American Politics and Policy and the White House Internship Through Patrick Henry College

American Politics and Policy and the White House Internship Through Patrick Henry College

By Carrie Durning

Unique Government Opportunities at Patrick Henry College

Patrick Henry College has the reputation of being one of the top Christian colleges in the country, located in rural Loudoun County, Virginia, in close proximity to Washington, D.C. As well as the academic rigor and excellence found in every major Patrick Henry College offers, students receive top internships located in and around Washington D.C., allowing them to build a resume and have connections in future careers.

What makes the academic and internship program at Patrick Henry College so unique from any other BA-level program in Government and American Politics and Policies? The answer is simple: the Liberal Arts program at Patrick Henry College is designed to be classical in its approach, American in its performance, and Christian in its worldview. The Internship program offered at Patrick Henry College does not fall short of those standards of excellence.

Excellence in the Government Major

Every academic program at Patrick Henry College is formed with a broad and rich classical core, which emphasizes great texts from Western Civilization, analytical skills, thinking and reasoning abilities, and creating quality connections. Patrick Henry College equips students with excellence for a successful future and career, and the Government Major does not fall short of that.

The Government Major at Patrick Henry College prepares students to be outstanding public servants, whether in a foreign policy, domestic policy, the academic sphere, or the intelligence community. Each Government track at Patrick Henry College equips students with a strong emphasis in classical learning in their core government classes, and hands-on training in their field of interest.

Patrick Henry College students in the government major also develop a Biblical understanding of their field and how to work in it. The Government Major at Patrick Henry College includes five specific tracks to specialize in, with the option to choose not to specialize in a track. Patrick Henry College students not wanting to pursue a specific track are able to take courses from all the five following disciplines: American Politics and Policy, Economics, International Politics and Policy, Political Theory, and Political Philosophy.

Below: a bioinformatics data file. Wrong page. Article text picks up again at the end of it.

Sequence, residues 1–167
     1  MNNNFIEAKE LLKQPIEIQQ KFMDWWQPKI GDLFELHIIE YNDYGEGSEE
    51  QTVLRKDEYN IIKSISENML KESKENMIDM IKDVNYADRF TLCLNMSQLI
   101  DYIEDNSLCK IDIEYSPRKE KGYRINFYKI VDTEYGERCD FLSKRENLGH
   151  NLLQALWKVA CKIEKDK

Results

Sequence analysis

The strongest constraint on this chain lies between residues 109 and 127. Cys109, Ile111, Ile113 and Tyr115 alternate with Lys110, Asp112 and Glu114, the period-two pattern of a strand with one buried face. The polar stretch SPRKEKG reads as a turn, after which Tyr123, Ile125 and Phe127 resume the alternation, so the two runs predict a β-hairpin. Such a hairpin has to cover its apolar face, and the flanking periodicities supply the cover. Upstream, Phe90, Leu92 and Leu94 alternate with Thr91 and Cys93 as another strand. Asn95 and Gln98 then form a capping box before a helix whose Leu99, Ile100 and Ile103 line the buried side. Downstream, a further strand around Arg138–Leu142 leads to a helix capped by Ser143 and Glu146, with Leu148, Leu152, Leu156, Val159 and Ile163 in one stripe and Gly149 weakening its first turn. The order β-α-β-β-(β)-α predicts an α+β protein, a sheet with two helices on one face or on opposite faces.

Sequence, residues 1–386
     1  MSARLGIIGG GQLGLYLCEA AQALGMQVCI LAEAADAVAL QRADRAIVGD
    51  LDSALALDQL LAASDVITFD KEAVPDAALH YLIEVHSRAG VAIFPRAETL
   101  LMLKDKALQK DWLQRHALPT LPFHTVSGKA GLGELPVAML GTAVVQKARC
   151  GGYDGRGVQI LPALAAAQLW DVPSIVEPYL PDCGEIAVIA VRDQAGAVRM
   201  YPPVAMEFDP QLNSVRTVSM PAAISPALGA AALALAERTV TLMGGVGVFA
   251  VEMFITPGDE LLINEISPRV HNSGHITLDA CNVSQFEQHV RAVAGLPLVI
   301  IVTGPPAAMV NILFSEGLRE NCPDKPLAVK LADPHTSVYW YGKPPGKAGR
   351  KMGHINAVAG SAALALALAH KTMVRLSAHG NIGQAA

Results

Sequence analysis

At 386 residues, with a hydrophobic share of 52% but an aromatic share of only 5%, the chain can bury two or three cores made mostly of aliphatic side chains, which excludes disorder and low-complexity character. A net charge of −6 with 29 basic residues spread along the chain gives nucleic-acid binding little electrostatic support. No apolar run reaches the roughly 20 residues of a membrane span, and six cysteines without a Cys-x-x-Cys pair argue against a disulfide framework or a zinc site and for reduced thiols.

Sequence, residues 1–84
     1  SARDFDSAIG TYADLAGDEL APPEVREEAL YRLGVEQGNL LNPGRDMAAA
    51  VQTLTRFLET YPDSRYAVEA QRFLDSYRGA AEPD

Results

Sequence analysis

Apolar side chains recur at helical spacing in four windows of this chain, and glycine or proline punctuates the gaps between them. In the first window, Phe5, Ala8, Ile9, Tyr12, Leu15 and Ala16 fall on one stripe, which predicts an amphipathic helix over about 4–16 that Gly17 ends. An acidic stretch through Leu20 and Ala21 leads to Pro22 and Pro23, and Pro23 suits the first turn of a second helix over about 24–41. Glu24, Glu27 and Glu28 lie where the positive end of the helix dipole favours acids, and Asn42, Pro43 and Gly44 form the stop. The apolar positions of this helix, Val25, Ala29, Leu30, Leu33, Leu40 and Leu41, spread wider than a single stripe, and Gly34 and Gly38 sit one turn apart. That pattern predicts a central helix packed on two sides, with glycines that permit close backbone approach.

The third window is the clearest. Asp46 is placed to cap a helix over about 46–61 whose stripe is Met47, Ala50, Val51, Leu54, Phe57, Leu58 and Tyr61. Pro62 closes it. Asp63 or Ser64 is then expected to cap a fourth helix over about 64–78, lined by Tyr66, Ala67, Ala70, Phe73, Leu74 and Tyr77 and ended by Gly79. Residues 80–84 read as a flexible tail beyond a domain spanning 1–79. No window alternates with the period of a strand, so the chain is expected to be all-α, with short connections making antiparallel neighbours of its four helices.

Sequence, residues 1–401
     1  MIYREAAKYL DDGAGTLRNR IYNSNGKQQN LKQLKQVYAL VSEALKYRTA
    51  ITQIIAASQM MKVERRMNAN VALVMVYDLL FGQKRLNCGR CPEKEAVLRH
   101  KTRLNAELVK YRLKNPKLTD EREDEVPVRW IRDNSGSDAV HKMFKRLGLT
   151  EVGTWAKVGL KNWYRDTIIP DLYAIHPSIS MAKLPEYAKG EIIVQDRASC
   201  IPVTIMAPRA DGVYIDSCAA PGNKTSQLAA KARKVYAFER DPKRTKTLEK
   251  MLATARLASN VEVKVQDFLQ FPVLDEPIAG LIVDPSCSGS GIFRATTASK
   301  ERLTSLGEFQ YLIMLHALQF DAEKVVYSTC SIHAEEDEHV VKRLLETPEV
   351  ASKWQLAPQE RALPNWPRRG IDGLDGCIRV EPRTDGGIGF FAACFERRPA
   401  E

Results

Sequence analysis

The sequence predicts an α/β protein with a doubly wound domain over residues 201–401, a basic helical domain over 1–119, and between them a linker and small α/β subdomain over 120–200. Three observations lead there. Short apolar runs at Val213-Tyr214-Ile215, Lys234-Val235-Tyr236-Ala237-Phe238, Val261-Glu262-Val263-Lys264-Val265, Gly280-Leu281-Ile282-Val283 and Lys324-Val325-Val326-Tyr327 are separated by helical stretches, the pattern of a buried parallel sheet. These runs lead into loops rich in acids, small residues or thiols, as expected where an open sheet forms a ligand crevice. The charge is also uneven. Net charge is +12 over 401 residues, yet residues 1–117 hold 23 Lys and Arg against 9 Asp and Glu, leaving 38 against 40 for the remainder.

Government Tracks: Outstanding Public Servants

The Government Major at Patrick Henry College includes the option to follow five specific tracks of excellence: American Politics and Policy, Strategic Intelligence, International Politics and Policy, Political Theory, and Political Philosophy. Regardless of the track, each student majoring in Government has the opportunity to take 12 credits of primary content courses that provide an overview of the field of Government and introduce the student to key subfields: American Political Institutions, Comparative Politics, International Relations, and Political Science Research Methods.

One specific Government Major track which succeeds in excellence is American Politics and Policy. Patrick Henry College students majoring in Government with the American Politics and Policy track examine the key subfields of American Government, including American institutions and behavior, state and local government, public economics, public policy, and research methods. After completing 12 credits of required government courses, students choose from a variety of domestic policy or politics courses and apprenticeships. One internship received by many Patrick Henry College Students is the White House.